It is worth taking a moment to note one unusual implication of these findings.
Often, in statistical analysis, the best one can hope to do is confirm that an observation was not produced by random chance alone. But here there is only one plausible non-random explanation for why an unrelated set of payments should total to the magic number of $130,000. In other words, whatever the true probability that this occurred by chance, the probability that it was related to the Daniels payoff will nearly be the inverse of that. There are simply no non-random, non-Daniels explanations. If we have accurately measured the probability of this being a random outcome at about .1%, the probability it was related to Daniels must be very high — perhaps close to or above 99%, even after accounting for Bayesian concerns.*
Details of the Model
In order to generate our simulated sets of payments, we relied on a list of all Trump campaign payments to Trump-affiliated entities, compiled from FEC reports by Simpson (available here). The list was used to ensure that our random payments shared the approximate distribution of the Trump campaign’s actual payments to Trump -affiliated entities.
In the process of creating the payment distribution, we modified the list of known payments, making several key assumptions. First, recurring rent payments of equal value were dropped, because any set of suspect payments is unlikely to include a verifiable rent payment. (For instance, the Trump campaign paid about $35,000 in rent each month for several months. Working these regular transfers into a one-off scheme would therefore require months of advance planning.)
Second, any payment below $1,000 was dropped. This was done because the payments identified by Simpson were all quite large, a fact that contributed to their suspicious character. (To understand why, imagine trying to stack a set of objects to a very specific height. This task becomes easier when stacking many small objects, and harder if there are only a few large objects to choose from.)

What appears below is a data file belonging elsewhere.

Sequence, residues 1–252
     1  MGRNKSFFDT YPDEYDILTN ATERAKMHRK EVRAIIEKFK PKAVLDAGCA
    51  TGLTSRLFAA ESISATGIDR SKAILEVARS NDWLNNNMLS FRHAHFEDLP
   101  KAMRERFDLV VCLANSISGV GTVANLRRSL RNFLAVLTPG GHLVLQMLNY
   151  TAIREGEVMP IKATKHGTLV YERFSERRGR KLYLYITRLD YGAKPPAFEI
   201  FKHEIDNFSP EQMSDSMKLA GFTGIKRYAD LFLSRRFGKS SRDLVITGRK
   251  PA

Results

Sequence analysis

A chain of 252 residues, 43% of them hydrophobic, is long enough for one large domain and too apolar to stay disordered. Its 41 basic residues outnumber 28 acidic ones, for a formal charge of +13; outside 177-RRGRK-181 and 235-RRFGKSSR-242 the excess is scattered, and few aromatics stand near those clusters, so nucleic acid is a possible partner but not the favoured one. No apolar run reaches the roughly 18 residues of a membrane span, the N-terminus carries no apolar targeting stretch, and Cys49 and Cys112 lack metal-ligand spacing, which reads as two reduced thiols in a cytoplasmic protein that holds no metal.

In all, we generated 10,000 sets of fictitious payments, with each set containing 10 total payments.
The set size was chosen for several reasons. As the set size increases, the number of possible combinations reaches into the tens of thousands. In addition to being computationally intensive, it is implausible that an individual could easily identify a suspicious combination over such a large set. As it stands, a set size of ten allows for approximately 1,000 different combinations.
Moreover, the actual suspicious combination was discovered in the set of eight payments immediately preceding the Daniels payoff. A set size of ten roughly estimates the probability of this discovery, while allowing that Simpson or others may have continued to search a bit further back if current combination had not been discovered.
Notably, our model includes no time element. This is because time is partially expressed by the number of payments in each set. The greater that number, the “further back” the model is simulating.
To ensure that slightly altering our assumptions would not dramatically change these findings, we also tested a slightly more conservative model, in which 10,000 sets of 15 payments were examined. To keep the model computationally feasible, we restricted the output to the closest combination of six payments generated by each set.
In this model, the actual observed combination of $129,999.72 falls somewhere between the 98th and 99th percentile of closeness. In other words, while the observed outcome is considerably more likely under these very generous assumptions than under the normal assumptions, it is still quite unlikely overall. The output of both models are in the tables below.
We also built models that used a variety of other payment distributions and assumptions, but in all cases, the likelihood of an exact match remained low. For example, even when checking 15 large payments for any close match — which allows for over 32,000 possible combinations — only about 5 percent of payment sets contained a combination within $0.25 of $130,000.
These results of both models strongly suggest that these five payments in late October are not a coincidence. As a result, we would contend that these payments deserve vastly more scrutiny from the press and, perhaps, from investigators.
*Bayesian update: Several commentators have asked whether a more explicitly Bayesian approach would change these conclusions. We argue that it does not. See here for a note on our statement of the probabilities.